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Equality Smackdown in Hartford, CT

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Ian David Donating Member (1000+ posts) Send PM | Profile | Ignore Sun Jan-28-07 10:39 AM
Original message
Equality Smackdown in Hartford, CT
You can help yourself
But don't take too much

from God Bless the Child
Arthur Herzog Jr. and Billie Holiday

Keep those homosexuals out of Gov. Jodi Rell's Connecticut state house! She already signed a civil-union bill for them. How dare they come back asking for something more!

She claimed nearly two years ago that she was for equality. However, yesterday she sounded a lot more like our own recent ex-governor in saying in no uncertain terms that she'd veto a same-sex marriage bill if one appeared before her.

Two years ago, her statement on signing civil unions into law was:

I am pleased that the House of Representatives passed this amendment and made it clear that while we will recognize and support civil unions, marriage in Connecticut is defined as the union of a man and a woman.

Passage of this bill will extend civil rights to all couples, no matter their gender, and send the unmistakable message that discrimination in any form is unacceptable in Connecticut.
http://www.ct.gov/governorrell/cwp/view.asp?A=1761&Q=29...


At the time, the conflict between her DOMA wording and that about no discrimination in her state seemed odd enough. Many of us put it down to the shock of the new.

Yesterday, she made it plain that separate with kind of equal was as far as she cared to go. According to the AP, Rell stated at a news conference, "I said ... when I signed the civil union bill that I believed it covered the concerns that had been raised. And I believe that that bill was the appropriate way to go and I still do. And the answer is 'yes,' I would veto a bill that provides for same-sex marriage."



Rell, shown above, wears a UCONN women's basketball jersey. The costumed hound beside her is allegedly her husband Lou in a husky suit. The pic is from the state Website. It draws attention to her status as married, which she can legally do in Connecticut as a heterosexual.

More:
http://massmarrier.blogspot.com/2007/01/equality-smackd...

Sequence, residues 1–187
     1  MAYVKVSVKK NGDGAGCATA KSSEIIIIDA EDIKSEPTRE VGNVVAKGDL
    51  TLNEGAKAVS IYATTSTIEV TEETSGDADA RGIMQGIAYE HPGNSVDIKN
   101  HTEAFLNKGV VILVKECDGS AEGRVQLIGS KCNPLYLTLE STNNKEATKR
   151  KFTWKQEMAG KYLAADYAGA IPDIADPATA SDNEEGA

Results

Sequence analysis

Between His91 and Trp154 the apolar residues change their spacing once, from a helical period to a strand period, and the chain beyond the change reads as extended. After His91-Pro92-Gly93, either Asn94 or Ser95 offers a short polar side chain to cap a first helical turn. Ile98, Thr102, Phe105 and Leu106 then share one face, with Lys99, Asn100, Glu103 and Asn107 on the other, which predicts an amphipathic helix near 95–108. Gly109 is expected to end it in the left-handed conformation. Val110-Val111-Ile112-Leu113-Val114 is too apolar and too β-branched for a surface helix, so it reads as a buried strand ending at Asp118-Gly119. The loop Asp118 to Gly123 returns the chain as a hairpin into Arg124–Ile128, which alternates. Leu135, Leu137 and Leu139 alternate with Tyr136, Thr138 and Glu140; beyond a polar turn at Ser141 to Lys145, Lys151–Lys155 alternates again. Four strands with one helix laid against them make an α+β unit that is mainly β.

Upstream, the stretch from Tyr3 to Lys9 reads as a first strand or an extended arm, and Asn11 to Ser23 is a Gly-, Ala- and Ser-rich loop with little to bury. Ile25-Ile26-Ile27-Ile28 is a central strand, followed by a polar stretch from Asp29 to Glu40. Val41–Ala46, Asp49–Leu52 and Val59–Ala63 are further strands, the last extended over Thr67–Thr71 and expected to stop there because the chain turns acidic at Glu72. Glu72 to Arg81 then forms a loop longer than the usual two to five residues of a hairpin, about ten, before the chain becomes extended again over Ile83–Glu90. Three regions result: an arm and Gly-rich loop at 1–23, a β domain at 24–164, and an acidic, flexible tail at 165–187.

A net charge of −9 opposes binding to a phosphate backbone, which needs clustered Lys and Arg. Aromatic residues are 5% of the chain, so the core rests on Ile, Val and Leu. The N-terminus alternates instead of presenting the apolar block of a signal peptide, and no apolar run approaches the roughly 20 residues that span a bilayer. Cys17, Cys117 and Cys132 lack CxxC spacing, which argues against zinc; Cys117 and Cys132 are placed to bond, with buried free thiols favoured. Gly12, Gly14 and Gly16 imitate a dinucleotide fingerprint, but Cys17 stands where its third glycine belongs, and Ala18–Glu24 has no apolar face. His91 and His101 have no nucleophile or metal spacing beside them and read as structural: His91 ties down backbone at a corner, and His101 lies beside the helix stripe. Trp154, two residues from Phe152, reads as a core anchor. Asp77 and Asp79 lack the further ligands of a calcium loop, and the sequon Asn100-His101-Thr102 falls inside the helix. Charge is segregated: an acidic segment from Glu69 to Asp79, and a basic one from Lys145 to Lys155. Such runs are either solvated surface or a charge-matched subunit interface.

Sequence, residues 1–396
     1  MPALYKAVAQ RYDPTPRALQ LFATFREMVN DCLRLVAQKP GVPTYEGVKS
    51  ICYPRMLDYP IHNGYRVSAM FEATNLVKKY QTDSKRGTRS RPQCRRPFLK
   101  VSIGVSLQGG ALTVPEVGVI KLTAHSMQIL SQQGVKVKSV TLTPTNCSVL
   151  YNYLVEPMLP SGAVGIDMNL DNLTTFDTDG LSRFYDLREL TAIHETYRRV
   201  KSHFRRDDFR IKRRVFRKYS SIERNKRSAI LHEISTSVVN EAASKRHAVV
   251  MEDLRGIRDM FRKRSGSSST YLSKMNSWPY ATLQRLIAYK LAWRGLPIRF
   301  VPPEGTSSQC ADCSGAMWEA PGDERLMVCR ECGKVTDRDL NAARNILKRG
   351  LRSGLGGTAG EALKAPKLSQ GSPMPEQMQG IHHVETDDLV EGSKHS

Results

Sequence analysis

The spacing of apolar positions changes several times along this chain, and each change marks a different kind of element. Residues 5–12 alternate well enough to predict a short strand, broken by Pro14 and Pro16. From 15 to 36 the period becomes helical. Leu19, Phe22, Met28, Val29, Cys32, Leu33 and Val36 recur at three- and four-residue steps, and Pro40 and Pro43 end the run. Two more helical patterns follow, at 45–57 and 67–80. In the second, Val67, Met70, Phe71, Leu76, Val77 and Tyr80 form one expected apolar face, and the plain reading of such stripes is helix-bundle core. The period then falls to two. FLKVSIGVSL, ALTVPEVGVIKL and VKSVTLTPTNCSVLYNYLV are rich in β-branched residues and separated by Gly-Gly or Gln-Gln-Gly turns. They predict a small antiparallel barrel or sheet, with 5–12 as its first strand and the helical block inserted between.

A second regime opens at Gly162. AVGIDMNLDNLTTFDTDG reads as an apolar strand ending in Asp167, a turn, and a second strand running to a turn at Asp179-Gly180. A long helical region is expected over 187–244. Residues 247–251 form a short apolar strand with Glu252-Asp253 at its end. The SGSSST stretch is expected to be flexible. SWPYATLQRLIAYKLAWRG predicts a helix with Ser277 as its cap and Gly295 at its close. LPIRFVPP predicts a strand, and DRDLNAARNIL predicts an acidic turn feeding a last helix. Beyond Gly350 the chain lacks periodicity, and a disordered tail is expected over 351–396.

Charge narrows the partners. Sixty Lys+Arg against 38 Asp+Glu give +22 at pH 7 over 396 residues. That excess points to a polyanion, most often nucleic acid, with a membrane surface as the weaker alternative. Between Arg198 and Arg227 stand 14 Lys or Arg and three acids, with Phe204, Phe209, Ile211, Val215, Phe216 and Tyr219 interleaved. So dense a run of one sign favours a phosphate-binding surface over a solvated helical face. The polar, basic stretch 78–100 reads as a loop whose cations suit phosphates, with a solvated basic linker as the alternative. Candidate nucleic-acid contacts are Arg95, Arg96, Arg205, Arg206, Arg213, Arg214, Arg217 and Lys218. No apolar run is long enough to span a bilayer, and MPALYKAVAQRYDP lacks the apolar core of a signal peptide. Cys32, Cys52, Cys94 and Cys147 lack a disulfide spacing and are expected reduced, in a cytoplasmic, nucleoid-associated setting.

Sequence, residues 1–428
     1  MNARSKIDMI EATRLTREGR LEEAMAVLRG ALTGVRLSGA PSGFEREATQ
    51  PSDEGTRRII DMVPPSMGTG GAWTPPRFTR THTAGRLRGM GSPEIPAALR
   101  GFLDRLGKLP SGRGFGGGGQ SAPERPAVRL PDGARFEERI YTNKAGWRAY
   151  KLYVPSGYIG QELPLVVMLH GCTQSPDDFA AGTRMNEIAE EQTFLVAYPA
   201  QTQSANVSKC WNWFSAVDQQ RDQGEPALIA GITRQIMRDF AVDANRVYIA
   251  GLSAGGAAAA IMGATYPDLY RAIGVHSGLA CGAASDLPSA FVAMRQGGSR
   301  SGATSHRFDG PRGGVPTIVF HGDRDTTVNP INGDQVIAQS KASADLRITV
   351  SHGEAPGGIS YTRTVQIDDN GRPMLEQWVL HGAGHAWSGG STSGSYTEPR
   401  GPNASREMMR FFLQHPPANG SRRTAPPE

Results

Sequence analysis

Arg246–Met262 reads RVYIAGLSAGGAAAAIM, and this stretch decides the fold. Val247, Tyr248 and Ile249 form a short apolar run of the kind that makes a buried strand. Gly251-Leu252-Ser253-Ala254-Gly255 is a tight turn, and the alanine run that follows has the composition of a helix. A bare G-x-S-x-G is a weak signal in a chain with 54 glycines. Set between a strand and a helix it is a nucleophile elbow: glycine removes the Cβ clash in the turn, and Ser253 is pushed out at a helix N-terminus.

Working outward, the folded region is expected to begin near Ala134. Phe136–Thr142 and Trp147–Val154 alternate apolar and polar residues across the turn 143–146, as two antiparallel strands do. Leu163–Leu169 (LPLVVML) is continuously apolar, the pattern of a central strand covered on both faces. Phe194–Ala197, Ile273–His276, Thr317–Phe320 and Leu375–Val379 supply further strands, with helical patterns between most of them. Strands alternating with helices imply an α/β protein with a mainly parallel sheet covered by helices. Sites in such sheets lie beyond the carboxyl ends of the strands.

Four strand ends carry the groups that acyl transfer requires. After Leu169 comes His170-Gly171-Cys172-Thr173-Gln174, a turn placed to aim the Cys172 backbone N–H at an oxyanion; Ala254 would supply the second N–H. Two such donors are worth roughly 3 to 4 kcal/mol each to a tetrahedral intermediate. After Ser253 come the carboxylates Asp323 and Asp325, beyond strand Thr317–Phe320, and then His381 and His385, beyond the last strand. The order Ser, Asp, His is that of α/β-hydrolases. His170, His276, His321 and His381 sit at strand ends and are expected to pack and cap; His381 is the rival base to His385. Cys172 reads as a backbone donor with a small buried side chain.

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Warpy Donating Member (1000+ posts) Send PM | Profile | Ignore Sun Jan-28-07 11:02 AM
Response to Original message
1. If the civil union confers all the civil rights that marriage does
expect a lot of straight couples opting for it, too. We're as desperate to get out from under the marriage baggage as you are to assume it.

If a civil union offers the same legal rights as marriage does, you can call it whatever you want to. In fact, I would prefer gay and lesbian couples call it marriage. I do so enjoy watching fundies get closer to strokes.
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moose65 Donating Member (525 posts) Send PM | Profile | Ignore Sun Jan-28-07 06:27 PM
Response to Reply #1
2. You know, that is something I've never even thought of!
And it seems strange to me that no one has ever asked the question: in Vermont and Connecticut (and soon New Jersey) are civil unions restricted to same-sex couples only? Can straight couples get civil unions? If they can't, I can see a course of action: find two straight people who want a civil union and when they can't get it, they should sue for the right! After all, if civil unions are really the same as marriage, they should be open to opposite-sex couples as well, shouldn't they? I can see freeper heads exploding right now as straight people get denied the right to a civil union! LOL. And the gay community could get all up in arms about the "sanctity" of the civil union. There are several ways to go with this. If everyone could get civil unions, wouldn't that be a "threat" to marriage as well? It's almost like an alternate universe.
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BR_Parkway Donating Member (1000+ posts) Send PM | Profile | Ignore Mon Jan-29-07 09:19 AM
Response to Reply #2
3. Some knee jerk keyboarders on the right would instantly cry that
we were getting "special rights" by having civil unions that heterosexuals couldn't get.
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Midlodemocrat Donating Member (1000+ posts) Send PM | Profile | Ignore Wed Jan-31-07 11:47 AM
Response to Reply #1
4. And, interestingly, when some folks get married,
they get married in a 'civil' ceremony versus a 'church' service.

I would prefer it to be called marriage as well. Especially since it will greatly enhance the standing of the GLBT community.
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TechBear_Seattle Donating Member (1000+ posts) Send PM | Profile | Ignore Wed Jan-31-07 12:44 PM
Response to Reply #4
5. ALL marriages are civil
The ceremony itself is irrelevant; only the signing of the civil marriage license has any legal standing. Every state allows judges to officiate, and in Florida, Maine and South Carolina, any notary public may take what is nothing more than a jurat.
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